Once Gandhi Ji said that real India lives in the villages and to make India a powerful nation the role of rural development is necessary.
Approximate 70 percent population lives in rural India which Still faces problems to avail basic amenities like roads, housing, and water, etc.
To provide basic amenities to rural people, the Government of India started Pradhan Mantri Gramodaya Yojana (PMGY) in 2000 which runs under the Ministry of Rural Development and monitored by the then planning commission now changed into Niti Aayog.
The PMGY scheme follows an integrated approach, so it is divided into some sub-schemes which are the following;
Pradhan Mantri gram Sadak Yojana: It aimed at providing all-weather road connectivity to the unconnected villages. All habitations with a population of 500 persons and above in the plain areas and 250 person’s and above in hill States the tribal and the desert areas will be connected by this scheme.
It is to be noted that habitations that were earlier provided all-weather connectivity roads would not be eligible even if the present conditions of those roads are bad.
It’s a 100% centrally Sponsored Scheme and 50% of the Cess on High-speed diesel is earmarked for this Programme.
The target year of achieving 100% rural road connectivity under PMGSY was 2019 but it’s still not achieved.
Major district roads, state highways, and National highways are not covered under this scheme even if they belong to rural areas.
Gramin Aawas Housing: Home is a basic requirement for all human beings, everyone needs a shelter with basic amenities like drinking water and sanitation.
Pradhan Mantri’s Gramodaya Yojana (PMGY) provide housing facility to rural poor. The pattern is the same as followed in Indira Awas Yojana. The target group for this scheme is the below poverty level (BPL) people belonging to SC and ST communities.
The identification of beneficiaries is done through the district rural development agency which involves local governments for the identification purpose.
The important thing is that the houses are named after the female member beneficiary which is the symbol of women empowerment.
Rural drinking water project: Water is necessary for life and it’s a basic right to access the water. Poor water quality creates various diseases. So, 75% of the total budget of this scheme is used to provide clean water for drinking to rural people and 25% budget allocation for future and sustainable water conservation and water harvesting under the desert development program.
This scheme focuses on the creation of social and economic infrastructure as well as in some critical area steps objective of improving the quality of life of rural people.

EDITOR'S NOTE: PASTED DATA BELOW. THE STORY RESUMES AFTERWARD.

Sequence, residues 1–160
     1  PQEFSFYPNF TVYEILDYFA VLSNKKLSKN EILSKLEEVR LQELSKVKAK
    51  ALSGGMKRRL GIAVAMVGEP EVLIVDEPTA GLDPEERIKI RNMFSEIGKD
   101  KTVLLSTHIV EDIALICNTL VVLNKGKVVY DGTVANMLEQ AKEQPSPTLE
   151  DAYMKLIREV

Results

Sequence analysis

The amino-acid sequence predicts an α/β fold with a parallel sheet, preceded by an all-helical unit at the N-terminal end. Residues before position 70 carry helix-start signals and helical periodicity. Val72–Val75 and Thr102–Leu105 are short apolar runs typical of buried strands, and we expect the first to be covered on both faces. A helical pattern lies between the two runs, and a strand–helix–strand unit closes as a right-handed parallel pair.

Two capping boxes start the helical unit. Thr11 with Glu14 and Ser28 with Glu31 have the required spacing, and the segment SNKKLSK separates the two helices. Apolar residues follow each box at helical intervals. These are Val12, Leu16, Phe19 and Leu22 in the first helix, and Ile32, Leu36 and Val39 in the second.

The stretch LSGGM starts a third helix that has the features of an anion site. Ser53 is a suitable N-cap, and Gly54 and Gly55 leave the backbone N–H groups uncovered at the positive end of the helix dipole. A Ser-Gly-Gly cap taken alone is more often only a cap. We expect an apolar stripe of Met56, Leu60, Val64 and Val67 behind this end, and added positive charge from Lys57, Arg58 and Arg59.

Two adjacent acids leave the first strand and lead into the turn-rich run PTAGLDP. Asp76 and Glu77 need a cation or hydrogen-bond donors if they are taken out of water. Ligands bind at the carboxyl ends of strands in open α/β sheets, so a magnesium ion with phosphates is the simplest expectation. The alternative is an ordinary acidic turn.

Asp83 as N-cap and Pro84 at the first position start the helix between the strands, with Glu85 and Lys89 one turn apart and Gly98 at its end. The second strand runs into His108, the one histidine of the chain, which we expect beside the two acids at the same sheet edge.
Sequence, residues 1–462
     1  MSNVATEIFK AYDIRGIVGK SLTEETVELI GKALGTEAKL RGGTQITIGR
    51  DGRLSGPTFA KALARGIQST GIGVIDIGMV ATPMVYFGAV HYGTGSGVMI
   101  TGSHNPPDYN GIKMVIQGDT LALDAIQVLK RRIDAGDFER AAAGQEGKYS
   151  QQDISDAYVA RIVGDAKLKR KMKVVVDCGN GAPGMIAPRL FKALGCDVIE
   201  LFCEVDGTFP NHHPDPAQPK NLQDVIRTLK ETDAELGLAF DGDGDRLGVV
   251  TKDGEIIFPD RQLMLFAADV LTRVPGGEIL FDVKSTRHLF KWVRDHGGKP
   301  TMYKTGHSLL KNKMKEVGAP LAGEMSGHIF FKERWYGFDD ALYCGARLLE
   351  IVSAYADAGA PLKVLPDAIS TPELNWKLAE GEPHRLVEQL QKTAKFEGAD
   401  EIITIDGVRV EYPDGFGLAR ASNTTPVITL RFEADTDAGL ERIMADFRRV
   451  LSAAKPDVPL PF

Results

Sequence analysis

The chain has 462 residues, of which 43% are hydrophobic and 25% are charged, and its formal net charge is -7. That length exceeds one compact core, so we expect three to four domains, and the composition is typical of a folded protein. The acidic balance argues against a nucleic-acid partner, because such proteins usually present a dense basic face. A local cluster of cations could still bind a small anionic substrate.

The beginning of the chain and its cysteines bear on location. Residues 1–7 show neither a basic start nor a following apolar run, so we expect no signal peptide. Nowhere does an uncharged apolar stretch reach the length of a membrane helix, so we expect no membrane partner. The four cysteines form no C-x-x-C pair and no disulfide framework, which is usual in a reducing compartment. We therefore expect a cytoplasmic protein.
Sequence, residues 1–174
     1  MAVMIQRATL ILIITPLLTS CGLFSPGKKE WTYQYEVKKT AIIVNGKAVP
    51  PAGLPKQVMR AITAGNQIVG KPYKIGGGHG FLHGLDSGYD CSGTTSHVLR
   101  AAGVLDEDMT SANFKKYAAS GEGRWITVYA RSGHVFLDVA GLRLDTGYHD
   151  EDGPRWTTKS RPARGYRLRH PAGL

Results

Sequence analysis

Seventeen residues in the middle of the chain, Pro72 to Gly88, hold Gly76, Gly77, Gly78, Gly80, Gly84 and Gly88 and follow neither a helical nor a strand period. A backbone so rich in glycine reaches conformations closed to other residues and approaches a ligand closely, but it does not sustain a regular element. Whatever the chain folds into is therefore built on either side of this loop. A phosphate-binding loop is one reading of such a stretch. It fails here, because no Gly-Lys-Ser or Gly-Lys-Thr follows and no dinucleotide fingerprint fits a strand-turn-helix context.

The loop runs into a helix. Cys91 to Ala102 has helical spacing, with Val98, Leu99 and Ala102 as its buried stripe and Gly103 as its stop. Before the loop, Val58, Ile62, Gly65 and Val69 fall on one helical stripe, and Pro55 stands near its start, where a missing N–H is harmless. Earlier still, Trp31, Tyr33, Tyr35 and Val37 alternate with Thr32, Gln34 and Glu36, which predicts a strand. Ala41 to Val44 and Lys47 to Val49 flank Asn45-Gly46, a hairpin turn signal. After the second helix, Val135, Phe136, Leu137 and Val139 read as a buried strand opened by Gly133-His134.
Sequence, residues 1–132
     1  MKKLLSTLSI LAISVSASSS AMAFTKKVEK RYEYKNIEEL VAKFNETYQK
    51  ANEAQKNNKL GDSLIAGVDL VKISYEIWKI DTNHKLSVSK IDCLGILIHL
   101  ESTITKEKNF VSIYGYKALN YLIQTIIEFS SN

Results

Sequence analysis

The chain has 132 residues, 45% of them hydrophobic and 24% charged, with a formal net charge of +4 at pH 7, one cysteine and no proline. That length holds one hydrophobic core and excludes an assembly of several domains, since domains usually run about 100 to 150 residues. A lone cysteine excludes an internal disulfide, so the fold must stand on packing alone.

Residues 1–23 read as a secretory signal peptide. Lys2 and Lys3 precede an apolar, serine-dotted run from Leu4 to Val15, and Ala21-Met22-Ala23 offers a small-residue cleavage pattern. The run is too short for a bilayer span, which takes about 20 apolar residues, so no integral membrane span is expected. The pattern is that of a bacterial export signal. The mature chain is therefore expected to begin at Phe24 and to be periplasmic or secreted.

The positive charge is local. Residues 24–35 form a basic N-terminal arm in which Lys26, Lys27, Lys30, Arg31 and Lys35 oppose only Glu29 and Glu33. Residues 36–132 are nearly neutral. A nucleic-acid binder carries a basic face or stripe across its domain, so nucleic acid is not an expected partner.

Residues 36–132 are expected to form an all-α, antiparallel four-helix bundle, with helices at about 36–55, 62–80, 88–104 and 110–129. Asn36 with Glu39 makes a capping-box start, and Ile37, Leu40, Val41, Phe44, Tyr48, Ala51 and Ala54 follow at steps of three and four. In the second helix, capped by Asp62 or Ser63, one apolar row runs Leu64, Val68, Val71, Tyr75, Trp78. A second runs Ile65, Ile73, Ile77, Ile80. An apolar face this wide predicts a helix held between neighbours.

Some provisions of PMGY which focus on 7 basic areas after a conference of chief ministers in 1996 are namely;
1. Primary health care
2. Universalization of primary education
3. safe drinking water
4. Public housing assistance to all shelterless poor families
6. Connectivity of all villages and habitation by roads
7. Streamlining of the public distribution system with a focus on the poor.
All the above 7 points were into this program UNDER the additional central assistance.
This scheme also focuses on a strategy that improves the quality of life and eradicates poverty and improves the indicators of human development.
It focuses on a decentralized approach where the state and UT governments have their special planning and implementation according to the need of respective states and UTs.
The Pradhan Mantri Gramodaya Yojana has two components;
One is for rural connectivity in which 50% allocation is provided and the other objective is for Primary Health, primary education, rural shelter, rural drinking water, and nutrition with the remaining 50% of the allocation.
In 2001-2002 electricity as a priority sector added in this scheme.
Challenges faced by PMGY:
Some of the problems that are faced by this program are that the implementation issue as well as the overlapping with other schemes. Even after the various programs, our country faces various problems like unemployment, bad roads, poor health, poor infrastructure, and illiteracy.
So there is a need to collaborate and co-operate with other departments and reduce the gap of communication.
The regional-based approach should be adopted rather than one size fit for all.
The aims and intentions of the government are good to reduce malnutrition, illiteracy and to provide drinking water but there is a need to update the schemes as it was introduced in 2000 because some new challenges emerged since then.
New India cannot be built without nurturing the rural area of India.
Every people should be made part of this moment by providing equal developmental opportunities especially rural people where the heart of India lives.
This article is written by;
Mr. Pankaj Kumar Gupta
(Email ID: [email protected])